Who doesn’t like to eat out at a nice restaurant? I freaking love it. Typically the ‘nicer’ the restaurant the higher the bill. And with that comes better ingredients and excellent treatments of those ingredients (not always of course). But I know not everyone shares the same appreciation of expensive food.
Awesome food prepared with expert precision is one of life’s greatest pleasures. If you’ve never spent $100+ on a meal I highly suggest the experience.
Think of it like going to a Broadway show. If you are willing to spend $100 or more on a ticket for a 2 hour show than why not spend the same on a 2-3 hour meal? Bring friends and family and you will have a great time.
I think its mindset for most people. Most people have a mental block when it comes to spending money on food. It’s always too expensive..wah..wah…
People love to complain about gas and food prices. Maybe these annoying habits have been filtered down from the depression generations. Shrug.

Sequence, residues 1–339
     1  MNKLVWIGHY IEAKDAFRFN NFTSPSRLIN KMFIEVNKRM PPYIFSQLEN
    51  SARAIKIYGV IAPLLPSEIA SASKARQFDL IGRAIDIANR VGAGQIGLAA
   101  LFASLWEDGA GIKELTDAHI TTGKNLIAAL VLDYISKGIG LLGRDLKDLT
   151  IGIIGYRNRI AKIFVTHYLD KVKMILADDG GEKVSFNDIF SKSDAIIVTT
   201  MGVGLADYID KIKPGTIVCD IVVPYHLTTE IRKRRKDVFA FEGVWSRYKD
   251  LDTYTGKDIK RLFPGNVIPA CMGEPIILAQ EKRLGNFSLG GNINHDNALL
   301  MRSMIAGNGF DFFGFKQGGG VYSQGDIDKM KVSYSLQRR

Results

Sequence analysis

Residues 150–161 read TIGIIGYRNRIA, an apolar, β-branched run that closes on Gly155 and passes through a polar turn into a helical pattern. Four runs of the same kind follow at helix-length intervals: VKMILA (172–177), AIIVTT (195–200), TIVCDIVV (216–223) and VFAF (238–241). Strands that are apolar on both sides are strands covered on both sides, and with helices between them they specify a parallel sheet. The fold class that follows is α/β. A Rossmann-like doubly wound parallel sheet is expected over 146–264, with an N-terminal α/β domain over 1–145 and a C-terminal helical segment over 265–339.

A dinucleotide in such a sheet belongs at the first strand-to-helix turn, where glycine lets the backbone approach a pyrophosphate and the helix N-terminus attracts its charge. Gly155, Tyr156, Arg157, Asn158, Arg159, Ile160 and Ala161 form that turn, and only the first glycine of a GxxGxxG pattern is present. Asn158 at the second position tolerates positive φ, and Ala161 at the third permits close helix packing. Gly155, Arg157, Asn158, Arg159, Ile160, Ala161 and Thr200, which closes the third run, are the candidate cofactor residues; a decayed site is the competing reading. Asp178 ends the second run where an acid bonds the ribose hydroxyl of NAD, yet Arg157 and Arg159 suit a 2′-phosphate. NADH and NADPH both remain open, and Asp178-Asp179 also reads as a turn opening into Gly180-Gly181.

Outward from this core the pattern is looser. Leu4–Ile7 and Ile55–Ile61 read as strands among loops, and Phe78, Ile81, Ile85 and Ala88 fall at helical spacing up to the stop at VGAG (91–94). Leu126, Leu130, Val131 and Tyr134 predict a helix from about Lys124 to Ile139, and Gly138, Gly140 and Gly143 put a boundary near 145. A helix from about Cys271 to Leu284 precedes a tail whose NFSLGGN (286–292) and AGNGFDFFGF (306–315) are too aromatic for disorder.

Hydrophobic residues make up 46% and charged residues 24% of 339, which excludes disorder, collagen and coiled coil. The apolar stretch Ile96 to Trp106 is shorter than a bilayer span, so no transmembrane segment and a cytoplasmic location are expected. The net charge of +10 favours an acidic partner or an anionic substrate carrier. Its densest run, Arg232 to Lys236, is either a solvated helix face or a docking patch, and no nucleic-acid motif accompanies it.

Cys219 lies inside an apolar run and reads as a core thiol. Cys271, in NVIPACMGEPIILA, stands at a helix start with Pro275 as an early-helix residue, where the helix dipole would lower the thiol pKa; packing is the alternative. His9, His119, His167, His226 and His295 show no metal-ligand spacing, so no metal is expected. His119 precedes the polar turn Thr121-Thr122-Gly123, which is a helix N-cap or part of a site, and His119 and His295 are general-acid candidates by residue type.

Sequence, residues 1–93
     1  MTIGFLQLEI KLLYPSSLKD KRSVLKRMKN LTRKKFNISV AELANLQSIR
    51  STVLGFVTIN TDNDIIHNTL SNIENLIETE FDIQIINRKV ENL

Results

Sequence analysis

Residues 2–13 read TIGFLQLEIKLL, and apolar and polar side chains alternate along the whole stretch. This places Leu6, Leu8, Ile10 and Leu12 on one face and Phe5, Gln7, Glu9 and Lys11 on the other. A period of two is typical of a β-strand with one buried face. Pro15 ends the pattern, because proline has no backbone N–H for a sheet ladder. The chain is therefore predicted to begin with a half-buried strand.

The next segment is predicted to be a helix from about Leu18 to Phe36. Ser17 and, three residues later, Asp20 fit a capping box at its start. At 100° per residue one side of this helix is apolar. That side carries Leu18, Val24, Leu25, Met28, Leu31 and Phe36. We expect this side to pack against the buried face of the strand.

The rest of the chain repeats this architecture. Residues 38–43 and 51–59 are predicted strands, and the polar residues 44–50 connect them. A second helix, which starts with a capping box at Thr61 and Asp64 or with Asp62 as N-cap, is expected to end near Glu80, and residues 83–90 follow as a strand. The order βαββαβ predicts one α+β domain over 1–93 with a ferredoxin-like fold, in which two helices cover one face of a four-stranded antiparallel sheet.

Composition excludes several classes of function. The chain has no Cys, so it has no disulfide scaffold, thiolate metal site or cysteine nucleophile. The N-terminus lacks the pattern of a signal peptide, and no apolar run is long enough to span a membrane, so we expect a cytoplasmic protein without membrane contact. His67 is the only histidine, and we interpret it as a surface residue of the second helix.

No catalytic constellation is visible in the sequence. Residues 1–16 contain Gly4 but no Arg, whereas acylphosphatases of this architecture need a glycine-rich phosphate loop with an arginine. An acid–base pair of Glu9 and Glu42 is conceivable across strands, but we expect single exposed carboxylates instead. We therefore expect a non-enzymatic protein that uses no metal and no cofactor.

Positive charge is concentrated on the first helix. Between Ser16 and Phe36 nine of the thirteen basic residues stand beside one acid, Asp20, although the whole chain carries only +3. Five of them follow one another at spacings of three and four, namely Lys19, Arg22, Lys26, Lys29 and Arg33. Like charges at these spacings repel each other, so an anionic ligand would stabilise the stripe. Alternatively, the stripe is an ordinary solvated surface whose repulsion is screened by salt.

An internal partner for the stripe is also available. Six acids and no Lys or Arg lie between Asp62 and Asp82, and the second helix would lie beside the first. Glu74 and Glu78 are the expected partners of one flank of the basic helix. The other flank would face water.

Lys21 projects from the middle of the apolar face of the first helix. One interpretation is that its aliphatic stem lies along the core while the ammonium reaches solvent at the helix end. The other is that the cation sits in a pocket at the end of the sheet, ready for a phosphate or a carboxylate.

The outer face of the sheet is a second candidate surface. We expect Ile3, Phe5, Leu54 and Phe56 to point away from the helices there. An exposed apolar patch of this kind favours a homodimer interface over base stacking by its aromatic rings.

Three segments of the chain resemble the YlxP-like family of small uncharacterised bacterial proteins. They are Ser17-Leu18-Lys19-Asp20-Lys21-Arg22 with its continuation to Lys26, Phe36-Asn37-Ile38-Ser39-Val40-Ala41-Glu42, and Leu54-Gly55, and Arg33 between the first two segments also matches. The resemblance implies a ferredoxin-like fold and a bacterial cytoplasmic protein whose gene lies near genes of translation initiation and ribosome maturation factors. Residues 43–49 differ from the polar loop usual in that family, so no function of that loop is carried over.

They should look at a expensive meal as an adventure. A food adventure. Anywayz..moving on…
The Eating Out Gluten-Free Dilemma
I eat 100% gluten-free and eating out gluten-free can be difficult. When gluten slips into my diet now-a-days I get a runny nose, itchy eyes, and incredibly uncomfortable bloating. Basically, my immune system gets all fk’d up.
I wasn’t always like this. I grew up eating the SAD (standard American diet) and eating bread was a regular part of my routine. Because I have removed it from my diet my body now treats it like a dangerous foreign substance, and rightly so.
A few times in the past, after eating gluten and doing a WOD the next day, I came down with a cold (was really pissed about it). It seems that combination of stress is too much for my body to take.